- Don’t describe what doesn’t need describing.  Describe an object only if it differs from the reader expects.

- Descriptions filter through the viewpoint character.  Characters see objects differently, and one character may notice something another does not.

- Use the five senses when you can, though not all at once.  Don’t forget to have your characters not just see things, but hear and smell them, as well.

- Whenever possible, give description in action, not just static reporting.

- Think of walk-on characters as furniture.  They don’t need describing unless doing so would evoke the setting.  And rarely do they need to have names.

- Describe only what’s essential to what’s happening.

- Write in the positive.  Tell what is, not what wasn’t.

Next time: Simplicity and Redundancy, Clarity and Precision, and Grammar, Usage, and Style

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First Place Badge from You Gotta Read Videos

The folks over at You Gotta Read Videos sent me this ”badge” in recognition of the romantic trailer (as opposed to the deamatic trailer) taking the top spot in their September contest.  Thanks again to all of you who helped make it happen by voting on-line.

Speaking of which, have you taken the poll of which of the two trailers you prefer — the dramatic or the romantic?  Watch them again one more time and pick your favorite.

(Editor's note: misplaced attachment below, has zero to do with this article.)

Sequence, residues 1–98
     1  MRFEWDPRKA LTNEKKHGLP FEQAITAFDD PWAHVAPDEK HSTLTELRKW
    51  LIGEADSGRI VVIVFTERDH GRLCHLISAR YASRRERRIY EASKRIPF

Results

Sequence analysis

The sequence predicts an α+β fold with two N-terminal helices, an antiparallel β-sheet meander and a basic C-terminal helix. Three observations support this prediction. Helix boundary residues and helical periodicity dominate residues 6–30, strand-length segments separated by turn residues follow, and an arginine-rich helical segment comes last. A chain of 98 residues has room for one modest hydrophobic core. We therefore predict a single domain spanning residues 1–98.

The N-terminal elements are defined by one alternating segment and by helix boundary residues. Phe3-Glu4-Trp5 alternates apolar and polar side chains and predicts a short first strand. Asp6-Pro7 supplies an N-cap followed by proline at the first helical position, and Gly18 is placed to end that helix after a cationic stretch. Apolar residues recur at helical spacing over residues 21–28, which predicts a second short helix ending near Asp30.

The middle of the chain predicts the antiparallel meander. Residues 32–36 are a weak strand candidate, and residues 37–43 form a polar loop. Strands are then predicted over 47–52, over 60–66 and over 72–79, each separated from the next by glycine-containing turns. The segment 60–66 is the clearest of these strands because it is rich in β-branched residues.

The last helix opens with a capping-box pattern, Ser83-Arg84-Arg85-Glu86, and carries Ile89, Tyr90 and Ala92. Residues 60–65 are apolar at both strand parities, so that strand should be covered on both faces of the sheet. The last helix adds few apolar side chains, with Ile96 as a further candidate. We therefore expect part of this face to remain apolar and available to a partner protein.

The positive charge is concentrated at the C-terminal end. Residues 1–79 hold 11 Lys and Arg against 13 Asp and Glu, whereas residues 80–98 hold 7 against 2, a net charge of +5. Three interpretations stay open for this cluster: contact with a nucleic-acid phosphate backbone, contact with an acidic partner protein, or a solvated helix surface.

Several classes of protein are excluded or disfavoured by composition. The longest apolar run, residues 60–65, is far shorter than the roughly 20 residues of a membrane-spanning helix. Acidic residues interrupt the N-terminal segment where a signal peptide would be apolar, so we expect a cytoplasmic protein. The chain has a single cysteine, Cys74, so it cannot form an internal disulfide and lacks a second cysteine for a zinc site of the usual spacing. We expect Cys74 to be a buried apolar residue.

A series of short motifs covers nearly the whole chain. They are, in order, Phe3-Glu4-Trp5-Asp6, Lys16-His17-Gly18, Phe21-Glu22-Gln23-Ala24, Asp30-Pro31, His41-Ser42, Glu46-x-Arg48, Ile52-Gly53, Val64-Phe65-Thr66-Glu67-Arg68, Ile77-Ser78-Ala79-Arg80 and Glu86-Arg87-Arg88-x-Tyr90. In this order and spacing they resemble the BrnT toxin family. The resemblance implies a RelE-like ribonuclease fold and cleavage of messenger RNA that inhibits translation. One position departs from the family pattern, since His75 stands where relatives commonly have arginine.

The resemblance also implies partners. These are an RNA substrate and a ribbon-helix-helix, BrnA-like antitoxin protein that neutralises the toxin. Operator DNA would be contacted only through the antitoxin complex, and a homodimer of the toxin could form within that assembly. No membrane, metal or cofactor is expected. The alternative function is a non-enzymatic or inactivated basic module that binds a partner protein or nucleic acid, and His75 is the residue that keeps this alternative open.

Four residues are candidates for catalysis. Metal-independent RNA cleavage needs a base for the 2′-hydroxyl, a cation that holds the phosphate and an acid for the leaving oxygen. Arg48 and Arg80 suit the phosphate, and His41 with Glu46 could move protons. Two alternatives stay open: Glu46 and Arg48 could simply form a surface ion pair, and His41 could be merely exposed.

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Getting Your Book in Libraries

A week or so ago, I was in my neighborhood library on another project but I decided to jump on one of their computers and look up my book.  I knew The Blizzard was part of the library’s collection and, sure enough, there it was in their computerized catalog. 

Yes, I admit feeling a certain sense of pride.  There is something about a library shelving your book that seems to make the writing and publishing process real.  Authentic.  Official!  Akin to, but not that same as, when I saw my book on the shelf of a real brick-and-mortar bookstore.

As far as I know,  the only libraries currently lending The Blizzard are San Diego and Cincinnati.  (If you are aware of others, drop me a line and let me know!)